- The initial $10 million might already account for the costs of the play ground and sensory garden between 106th and 116th as well as the trail plaza, underpass, underpass ramp, and trail commons area in the downtown area. One thing that is clear based on the plan is that the downtown section will be shadowed by buildings on both sides including at least 3 parking garages. The Cove, the LED lighting, the tiered seating, the cultural commons, and the sculptures and innovation coves will all need to be paid for.
- In the Tech area of Fishers, there are plans shown for a boardwalk, outdoor working pavilions, hammocks (over water), umbrella power stations, a meet-up environment with tables and chairs, and a ‘beach’ area.
- Further north, there are proposed recreation courts and a teen center. This teen hangout could include a multi-level building including game courts as well as an obstacle course.
- An education center that includes a tree house and art wall.
- nature centers that provide overlooks (although I’m not sure to what)
- Parking lots along the trail.
- Possible power and data WiFi hubs as well as lighting and power.
- And so much more…
When you add all of these items together along with the base cost of the tail, the number starts growing astronomically. The city has not committed to doing everything in the master plan; however, they did present the plan. As such, without serious disclaimers, an expectation is being set. Will it cost $108 million? I was told it by a city council member that it wouldn’t come close to $30 million. He implied it would be much less, but in seeing a plan without numbers, I’m wondering if he really meant it was going to go way over that amount!
My number of $108 million is pulled out of the air; however, it is more likely at this point than the published number from the city, which was the $4.4 million. At $108 million, that is about $1,100 per person or roughly $4,500 for a family of four. That’s a lot higher than the $170 cost originally implied for a family of four.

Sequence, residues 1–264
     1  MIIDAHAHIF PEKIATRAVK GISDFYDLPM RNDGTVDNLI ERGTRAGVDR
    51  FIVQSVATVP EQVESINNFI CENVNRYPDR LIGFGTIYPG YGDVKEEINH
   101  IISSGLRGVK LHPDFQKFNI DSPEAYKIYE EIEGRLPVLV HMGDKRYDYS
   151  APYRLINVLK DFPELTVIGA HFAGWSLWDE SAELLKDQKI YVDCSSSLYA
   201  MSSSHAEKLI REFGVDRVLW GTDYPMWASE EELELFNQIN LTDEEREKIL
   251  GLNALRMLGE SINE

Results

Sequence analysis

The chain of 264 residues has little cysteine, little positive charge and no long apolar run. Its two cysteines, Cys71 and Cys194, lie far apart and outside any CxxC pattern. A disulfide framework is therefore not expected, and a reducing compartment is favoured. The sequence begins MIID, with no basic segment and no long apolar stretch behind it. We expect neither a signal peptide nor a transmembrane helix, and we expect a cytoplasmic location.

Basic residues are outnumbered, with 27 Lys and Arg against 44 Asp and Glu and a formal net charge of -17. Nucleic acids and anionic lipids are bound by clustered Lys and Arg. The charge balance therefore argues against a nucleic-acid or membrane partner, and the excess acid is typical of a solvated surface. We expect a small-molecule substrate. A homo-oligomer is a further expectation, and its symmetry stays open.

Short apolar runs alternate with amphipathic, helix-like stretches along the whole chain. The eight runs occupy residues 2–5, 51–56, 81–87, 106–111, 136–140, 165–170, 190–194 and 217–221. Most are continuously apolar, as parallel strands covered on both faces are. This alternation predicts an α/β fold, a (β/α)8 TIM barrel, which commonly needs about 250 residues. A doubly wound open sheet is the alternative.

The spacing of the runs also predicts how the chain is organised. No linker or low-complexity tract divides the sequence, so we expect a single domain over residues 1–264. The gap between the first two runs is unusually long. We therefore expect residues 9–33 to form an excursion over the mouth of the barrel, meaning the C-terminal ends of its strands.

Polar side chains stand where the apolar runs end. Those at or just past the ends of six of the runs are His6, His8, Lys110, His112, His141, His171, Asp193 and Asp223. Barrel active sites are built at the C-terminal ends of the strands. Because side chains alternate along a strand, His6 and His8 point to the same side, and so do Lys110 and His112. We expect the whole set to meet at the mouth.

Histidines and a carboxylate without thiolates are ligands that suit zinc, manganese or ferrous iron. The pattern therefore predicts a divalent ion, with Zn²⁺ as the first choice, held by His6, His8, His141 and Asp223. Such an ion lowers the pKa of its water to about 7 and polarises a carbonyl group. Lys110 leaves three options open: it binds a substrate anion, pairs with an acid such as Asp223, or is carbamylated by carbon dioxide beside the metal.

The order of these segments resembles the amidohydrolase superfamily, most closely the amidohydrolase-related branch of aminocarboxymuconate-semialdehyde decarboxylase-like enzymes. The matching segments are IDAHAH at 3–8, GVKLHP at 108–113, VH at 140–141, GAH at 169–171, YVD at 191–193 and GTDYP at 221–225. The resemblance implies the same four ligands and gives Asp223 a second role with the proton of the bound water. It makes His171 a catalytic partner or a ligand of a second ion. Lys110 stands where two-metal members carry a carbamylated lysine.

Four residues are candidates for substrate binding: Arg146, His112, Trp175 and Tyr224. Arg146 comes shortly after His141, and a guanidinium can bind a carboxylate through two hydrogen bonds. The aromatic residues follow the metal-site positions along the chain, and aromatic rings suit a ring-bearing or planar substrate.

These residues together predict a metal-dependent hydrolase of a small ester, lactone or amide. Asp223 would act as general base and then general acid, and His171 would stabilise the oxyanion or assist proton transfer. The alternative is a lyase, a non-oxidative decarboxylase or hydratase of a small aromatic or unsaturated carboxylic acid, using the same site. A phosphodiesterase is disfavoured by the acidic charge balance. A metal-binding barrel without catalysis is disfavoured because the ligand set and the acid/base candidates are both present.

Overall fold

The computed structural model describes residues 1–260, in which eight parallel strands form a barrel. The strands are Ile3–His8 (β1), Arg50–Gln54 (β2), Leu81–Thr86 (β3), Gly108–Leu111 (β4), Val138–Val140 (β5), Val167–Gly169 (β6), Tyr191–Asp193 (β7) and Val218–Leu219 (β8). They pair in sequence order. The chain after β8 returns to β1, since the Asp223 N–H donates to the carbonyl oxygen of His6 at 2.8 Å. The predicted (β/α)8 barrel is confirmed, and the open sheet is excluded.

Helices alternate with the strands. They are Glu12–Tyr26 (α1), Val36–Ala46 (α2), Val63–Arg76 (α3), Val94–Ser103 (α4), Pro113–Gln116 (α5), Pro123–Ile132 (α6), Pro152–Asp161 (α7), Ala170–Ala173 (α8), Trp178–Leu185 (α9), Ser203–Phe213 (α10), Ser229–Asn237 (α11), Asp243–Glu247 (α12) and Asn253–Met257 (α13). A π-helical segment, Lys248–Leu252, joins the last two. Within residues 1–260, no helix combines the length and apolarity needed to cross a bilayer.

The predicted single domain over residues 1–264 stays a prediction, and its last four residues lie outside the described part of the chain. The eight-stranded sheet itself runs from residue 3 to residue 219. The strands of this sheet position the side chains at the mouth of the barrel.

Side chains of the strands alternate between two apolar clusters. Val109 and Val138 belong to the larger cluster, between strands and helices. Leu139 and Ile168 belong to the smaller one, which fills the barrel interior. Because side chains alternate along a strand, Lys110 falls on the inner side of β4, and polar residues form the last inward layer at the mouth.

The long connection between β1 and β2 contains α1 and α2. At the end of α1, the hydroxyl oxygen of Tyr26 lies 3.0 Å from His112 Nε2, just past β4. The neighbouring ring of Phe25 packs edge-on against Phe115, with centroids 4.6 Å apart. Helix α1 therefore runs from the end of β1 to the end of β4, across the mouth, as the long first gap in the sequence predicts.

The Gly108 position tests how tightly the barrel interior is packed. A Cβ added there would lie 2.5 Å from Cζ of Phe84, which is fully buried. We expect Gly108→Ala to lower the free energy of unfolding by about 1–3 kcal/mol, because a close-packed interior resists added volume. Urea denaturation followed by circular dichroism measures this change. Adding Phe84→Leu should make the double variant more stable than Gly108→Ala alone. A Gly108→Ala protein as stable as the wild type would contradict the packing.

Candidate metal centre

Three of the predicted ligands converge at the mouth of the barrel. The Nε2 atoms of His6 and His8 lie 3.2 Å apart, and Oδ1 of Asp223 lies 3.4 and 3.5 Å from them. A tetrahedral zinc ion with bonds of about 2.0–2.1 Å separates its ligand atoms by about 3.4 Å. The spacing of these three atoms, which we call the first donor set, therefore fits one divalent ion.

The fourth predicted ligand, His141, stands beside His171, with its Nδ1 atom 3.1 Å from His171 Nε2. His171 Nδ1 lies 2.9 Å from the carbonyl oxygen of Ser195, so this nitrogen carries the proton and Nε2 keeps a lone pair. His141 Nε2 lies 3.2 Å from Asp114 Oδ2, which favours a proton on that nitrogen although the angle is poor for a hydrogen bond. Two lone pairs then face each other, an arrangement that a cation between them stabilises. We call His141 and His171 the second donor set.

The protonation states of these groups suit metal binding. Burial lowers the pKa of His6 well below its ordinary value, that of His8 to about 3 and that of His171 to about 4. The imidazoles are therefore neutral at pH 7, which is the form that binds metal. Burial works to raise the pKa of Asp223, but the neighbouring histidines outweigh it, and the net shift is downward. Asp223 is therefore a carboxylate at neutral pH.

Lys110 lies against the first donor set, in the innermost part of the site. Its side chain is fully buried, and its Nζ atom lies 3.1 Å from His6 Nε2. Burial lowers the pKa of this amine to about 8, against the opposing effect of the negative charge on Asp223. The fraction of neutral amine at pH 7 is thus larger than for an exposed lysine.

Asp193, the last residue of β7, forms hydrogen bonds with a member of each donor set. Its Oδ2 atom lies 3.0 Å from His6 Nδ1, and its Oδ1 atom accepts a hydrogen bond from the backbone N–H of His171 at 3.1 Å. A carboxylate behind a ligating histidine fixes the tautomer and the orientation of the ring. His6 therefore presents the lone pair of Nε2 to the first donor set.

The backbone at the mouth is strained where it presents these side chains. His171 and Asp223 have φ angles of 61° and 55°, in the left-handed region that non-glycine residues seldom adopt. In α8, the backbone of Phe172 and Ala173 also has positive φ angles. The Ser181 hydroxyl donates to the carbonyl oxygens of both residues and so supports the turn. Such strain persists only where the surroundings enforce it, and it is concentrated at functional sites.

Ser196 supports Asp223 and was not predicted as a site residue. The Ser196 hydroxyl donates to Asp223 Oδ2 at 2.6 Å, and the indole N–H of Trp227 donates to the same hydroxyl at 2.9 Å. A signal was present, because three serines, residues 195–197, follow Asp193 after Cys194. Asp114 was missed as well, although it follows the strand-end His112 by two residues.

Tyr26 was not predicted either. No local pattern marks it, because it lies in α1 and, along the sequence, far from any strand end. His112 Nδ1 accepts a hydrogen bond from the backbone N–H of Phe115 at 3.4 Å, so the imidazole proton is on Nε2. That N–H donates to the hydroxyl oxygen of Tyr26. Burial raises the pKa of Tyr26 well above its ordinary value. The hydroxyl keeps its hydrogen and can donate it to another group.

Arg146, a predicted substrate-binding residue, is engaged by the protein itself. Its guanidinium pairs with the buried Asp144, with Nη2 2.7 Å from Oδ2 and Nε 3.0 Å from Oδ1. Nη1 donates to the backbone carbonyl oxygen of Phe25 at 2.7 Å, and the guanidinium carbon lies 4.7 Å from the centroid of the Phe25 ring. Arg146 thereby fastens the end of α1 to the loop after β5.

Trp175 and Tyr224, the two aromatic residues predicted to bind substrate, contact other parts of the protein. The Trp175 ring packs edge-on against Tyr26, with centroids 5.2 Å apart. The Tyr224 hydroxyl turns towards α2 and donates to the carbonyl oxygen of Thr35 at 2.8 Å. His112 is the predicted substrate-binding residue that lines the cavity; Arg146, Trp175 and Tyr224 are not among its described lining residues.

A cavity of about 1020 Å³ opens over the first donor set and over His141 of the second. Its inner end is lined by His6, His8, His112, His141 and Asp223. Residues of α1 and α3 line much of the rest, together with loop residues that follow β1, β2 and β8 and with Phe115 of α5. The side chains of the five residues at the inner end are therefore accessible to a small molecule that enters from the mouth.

While grants could pay for some of this, that is unknown at this time. Without a budget and with the city showing they are willing to raise taxes to get what they want, it seems like the checkbook is open and a blank check has been signed.
You and I, the residents of Fishers, will be left to pay the tab when it comes due, starting with the increase in our upcoming property taxes. In reviewing my property taxes, it seems the only area where the rates increased were with the city. Unless something changes, I expect that increasing city taxes will become a trend.
I would love to have this trail and all it offers. However, like all things I pay for, I want to know the cost up-front so I can compare it to other opportunities, such as adding sidewalks to some of our major streets, adding more SROs to our schools, fixing pot holes, or adding parks to other parts of the city. I’ve said it before, raising taxes and starting a project this big without having a budget or spending cap is fiscally irresponsible.
Is $108 million the estimated cost for the trial? The number is pulled out of the air, so it is highly doubtful. Having said that, it is much more likely to be $108 million than the number that has been posted in the Nickel Plate Trail FAQs.